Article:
Sleeping Patterns and Childhood Obesity
There have been dozen of studies conducted on the correlation between childhood obesity and good sleep patterns. All the research shows strong links between childhood obesity and inadequate sleep as adults.
So, how can we help children establish good sleep habits?
Establish a regular bedtime and wake up time. Parents and children should plan a daily schedule that includes the basic daily sleep requirements for particular age groups. This schedule should be maintained on the weekends, though students can be permitted to sleep in one or two hours on weekend mornings if necessary.
While individual sleep needs can vary, the amount of sleep suggested by sleep experts for particular age groups is:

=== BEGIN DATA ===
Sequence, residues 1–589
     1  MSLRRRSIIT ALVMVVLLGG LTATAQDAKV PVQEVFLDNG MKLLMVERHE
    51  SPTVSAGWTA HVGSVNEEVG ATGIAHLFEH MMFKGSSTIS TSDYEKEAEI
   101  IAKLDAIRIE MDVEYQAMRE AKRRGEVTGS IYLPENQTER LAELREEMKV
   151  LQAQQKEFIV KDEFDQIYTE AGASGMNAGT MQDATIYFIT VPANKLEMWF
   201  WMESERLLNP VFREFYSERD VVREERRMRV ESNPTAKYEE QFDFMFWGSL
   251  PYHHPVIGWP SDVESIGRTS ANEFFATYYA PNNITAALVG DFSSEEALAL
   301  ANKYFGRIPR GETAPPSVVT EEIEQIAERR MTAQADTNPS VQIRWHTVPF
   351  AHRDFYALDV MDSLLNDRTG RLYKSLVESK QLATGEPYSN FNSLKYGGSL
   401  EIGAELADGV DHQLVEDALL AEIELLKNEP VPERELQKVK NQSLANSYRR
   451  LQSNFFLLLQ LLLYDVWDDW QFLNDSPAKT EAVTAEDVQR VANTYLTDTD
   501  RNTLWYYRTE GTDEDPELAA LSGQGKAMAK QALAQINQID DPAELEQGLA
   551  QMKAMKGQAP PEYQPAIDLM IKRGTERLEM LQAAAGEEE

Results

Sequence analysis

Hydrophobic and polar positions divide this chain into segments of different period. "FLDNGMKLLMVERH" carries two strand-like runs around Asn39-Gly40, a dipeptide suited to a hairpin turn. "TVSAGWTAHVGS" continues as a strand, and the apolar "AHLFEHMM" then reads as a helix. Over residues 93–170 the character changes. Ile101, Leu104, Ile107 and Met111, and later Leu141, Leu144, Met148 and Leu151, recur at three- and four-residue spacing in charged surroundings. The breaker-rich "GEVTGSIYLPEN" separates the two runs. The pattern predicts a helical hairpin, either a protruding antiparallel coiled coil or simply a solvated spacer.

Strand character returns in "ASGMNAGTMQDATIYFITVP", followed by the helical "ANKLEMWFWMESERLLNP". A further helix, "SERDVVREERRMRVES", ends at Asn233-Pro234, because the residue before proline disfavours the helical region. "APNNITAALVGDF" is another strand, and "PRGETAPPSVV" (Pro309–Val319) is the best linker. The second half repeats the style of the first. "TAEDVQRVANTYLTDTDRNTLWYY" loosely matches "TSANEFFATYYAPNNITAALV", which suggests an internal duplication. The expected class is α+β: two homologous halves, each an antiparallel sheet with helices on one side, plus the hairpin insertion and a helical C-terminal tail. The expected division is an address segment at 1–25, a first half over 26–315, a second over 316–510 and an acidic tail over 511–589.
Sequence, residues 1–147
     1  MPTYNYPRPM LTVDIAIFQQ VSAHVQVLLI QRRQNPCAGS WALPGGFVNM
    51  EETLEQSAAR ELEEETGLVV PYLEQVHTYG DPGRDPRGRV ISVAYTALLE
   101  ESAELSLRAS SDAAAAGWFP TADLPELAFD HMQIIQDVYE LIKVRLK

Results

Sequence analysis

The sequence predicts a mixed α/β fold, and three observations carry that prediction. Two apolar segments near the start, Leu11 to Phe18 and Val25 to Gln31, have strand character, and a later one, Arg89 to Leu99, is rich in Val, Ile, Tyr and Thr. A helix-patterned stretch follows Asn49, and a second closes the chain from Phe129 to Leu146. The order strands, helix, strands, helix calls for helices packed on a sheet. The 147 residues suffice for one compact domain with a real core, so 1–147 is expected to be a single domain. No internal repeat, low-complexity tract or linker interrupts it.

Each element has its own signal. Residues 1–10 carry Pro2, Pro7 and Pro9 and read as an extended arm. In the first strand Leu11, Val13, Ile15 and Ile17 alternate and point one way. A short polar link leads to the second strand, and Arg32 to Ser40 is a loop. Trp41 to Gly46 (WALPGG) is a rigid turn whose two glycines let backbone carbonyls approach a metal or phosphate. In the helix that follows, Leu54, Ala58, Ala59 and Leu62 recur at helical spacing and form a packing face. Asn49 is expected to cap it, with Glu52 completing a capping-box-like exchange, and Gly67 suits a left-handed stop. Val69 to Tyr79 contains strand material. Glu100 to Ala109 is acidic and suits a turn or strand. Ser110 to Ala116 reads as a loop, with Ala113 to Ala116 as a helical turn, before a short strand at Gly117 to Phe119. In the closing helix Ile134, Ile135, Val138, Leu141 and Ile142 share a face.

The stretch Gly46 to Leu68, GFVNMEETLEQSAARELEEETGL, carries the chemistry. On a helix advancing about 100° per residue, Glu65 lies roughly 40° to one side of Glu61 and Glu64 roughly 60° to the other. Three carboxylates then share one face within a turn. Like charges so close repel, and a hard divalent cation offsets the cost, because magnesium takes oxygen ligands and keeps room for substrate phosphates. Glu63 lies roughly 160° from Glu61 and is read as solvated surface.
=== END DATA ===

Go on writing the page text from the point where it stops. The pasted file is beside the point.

Up to 2 months - 10.5 to 18 hours
3 to 12 months - 9.5 to 14 hours
1 to 3 years - 12 to 14 hours
3 to 5 years - 11 to 13 hours
5 to 12 years - 10 to 11 hours
Teenagers - 9 to 10 hours
Create a bedtime routine. Bedtime routines are important, regardless of a child's age. It should include at least 15-30 minutes of calm, soothing activities. Discourage television, exercise, computer, and telephone use, and avoid caffeine (found in beverages, chocolate, and other products).
Achieve a balanced schedule. Identify and prioritize activities that allow for downtime and sufficient sleep time. Help students avoid an overloaded schedule that can lead to stress and difficulty coping, which contribute to poor health and sleep problems.
Establishing the routine and schedule will also contribute to other healthy patterns, such as eating and exercise. Here’s to... sleeping happily ever after!